Irritable bowel syndrome (IBS) is a gastrointestinal disorder characterized by recurrent abdominal pain and altered bowel habits. It is the most common functional gastrointestinal disorder. As the exact cause of IBS remains unclear, current treatment is aimed at symptom relief. Peppermint oil is a naturally occurring herb with several properties that may be relevant for the treatment of IBS. The study under review is a meta-analysis that aimed to assess the efficacy and safety of peppermint oil for treating abdominal pain and global symptoms of IBS.

Who and what was studied?

Become a subscriber to the Nutrition Examination Research Digest to read the full article.

Becoming a member will keep you updated on the most important nutrition studies every month, and give you access to our back catalog of over 500 other articles. It also includes access to Examine Plus.

I want to learn more about nutrition

Already a member? Please login to read this article.

What were the findings?

Subscribe to the Nutrition Examination Research Digest to unlock this article.

Best of all - only $1 for the first month!

Already a member? Please login to read this article.

What does the study really tell us?

Subscribe to the Nutrition Examination Research Digest to unlock this article.

Already a member? Please login to read this article.

The big picture

Subscribe to the Nutrition Examination Research Digest to unlock this article.

Already a member? Please login to read this article.

Frequently asked questions

Subscribe to the Nutrition Examination Research Digest to unlock this article.

Already a member? Please login to read this article.

What should I know?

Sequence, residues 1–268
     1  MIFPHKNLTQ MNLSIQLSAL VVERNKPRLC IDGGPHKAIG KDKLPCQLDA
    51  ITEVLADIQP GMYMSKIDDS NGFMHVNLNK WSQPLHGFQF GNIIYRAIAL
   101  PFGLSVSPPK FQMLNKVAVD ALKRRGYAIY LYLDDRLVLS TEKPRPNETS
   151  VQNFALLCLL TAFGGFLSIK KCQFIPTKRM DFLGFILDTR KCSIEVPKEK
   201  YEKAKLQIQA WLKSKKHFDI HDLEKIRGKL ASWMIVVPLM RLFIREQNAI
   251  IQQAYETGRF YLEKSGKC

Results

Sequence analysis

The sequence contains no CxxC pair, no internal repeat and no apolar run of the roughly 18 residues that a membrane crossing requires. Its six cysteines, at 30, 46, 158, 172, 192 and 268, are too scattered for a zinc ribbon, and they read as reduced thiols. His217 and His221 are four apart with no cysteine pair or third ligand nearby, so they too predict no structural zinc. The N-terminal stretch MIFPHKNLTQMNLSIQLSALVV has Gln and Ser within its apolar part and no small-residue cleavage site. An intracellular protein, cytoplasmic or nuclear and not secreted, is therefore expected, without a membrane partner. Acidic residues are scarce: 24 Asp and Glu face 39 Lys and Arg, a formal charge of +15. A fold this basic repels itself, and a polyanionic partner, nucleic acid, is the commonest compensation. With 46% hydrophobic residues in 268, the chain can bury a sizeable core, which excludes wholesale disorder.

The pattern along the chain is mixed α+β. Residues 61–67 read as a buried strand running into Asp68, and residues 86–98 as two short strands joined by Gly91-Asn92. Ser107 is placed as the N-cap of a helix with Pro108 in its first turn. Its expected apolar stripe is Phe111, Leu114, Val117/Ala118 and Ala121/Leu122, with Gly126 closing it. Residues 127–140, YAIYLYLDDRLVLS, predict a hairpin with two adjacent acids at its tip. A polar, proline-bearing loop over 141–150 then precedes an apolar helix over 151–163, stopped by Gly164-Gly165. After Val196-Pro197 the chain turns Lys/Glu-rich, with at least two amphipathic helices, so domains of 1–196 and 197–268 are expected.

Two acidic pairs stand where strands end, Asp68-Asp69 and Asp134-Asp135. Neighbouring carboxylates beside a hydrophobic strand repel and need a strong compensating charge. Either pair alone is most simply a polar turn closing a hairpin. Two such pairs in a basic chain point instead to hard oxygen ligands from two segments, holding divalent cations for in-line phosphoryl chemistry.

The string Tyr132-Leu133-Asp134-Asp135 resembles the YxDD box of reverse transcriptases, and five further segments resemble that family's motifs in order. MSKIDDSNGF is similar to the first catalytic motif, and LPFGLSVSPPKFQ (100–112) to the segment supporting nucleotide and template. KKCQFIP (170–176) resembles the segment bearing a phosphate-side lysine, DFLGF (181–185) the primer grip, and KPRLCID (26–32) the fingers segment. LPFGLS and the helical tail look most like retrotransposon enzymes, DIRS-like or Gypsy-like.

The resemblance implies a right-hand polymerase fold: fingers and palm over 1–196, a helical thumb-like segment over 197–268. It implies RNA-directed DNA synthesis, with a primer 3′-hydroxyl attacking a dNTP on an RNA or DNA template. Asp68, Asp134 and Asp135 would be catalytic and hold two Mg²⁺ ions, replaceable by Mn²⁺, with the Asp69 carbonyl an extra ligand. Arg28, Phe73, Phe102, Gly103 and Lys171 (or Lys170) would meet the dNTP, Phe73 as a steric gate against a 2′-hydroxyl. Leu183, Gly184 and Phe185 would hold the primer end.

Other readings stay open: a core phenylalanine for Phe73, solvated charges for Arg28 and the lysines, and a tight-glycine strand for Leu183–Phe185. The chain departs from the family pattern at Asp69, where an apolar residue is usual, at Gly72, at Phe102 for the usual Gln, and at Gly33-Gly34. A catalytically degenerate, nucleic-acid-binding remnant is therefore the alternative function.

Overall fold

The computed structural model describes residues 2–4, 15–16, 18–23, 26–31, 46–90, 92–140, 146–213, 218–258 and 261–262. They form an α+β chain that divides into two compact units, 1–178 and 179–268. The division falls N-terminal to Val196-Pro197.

Subscribe to the Nutrition Examination Research Digest to unlock this article.

Already a member? Please login to read this article.

Other Articles in Issue #54 (April 2019)

  • NERD Mini: What’s magnesium good for?
    In this NERD Mini, we give a quick summary of a recent umbrella review's findings concerning which of magnesium's many purported effects are most well supported by the evidence.
  • Investigating arginine for erectile dysfunction
    The amino acid L-arginine is used to make nitric oxide, a potent vasodilator which could possibly help mitigate erectile dysfunction. But does it?
  • Does physical activity prevent depression or does depression prevent physical activity?
    The evidence is pretty clear that depression and low physical activity are correlated. This Mendelian randomization study explored whether this link is causal, and in which direction the causal arrow points.
  • A D-fence against cancer?
    This recent meta-analysis examined whether vitamin D supplementation influenced the risk of getting, and the risk of dying from, cancer. It incorporates the latest research into the matter, including VITAL.
  • Does cinnamon spice up weight loss?
    There are some mechanistic reasons to think that cinnamon may help shed some pounds. This recent meta-analysis found an effect, but the significance of its impact is open to question.
  • NERD Mini: Folic acid intake and neural tube defects
    Neural tube defects are potentially serious problems for developing embryos. Its risk is lowered, but not eliminated, by mothers-to-be getting enough folic acid. This NERD Mini explores a recent meta-analysis examining how folate levels are impacted by folic acid intake.
  • The (mild) health risks of energy drinks
    Energy drinks can make a small, potentially negative impact in certain metabolic measures in young, relatively healthy people. But do these changes really matter?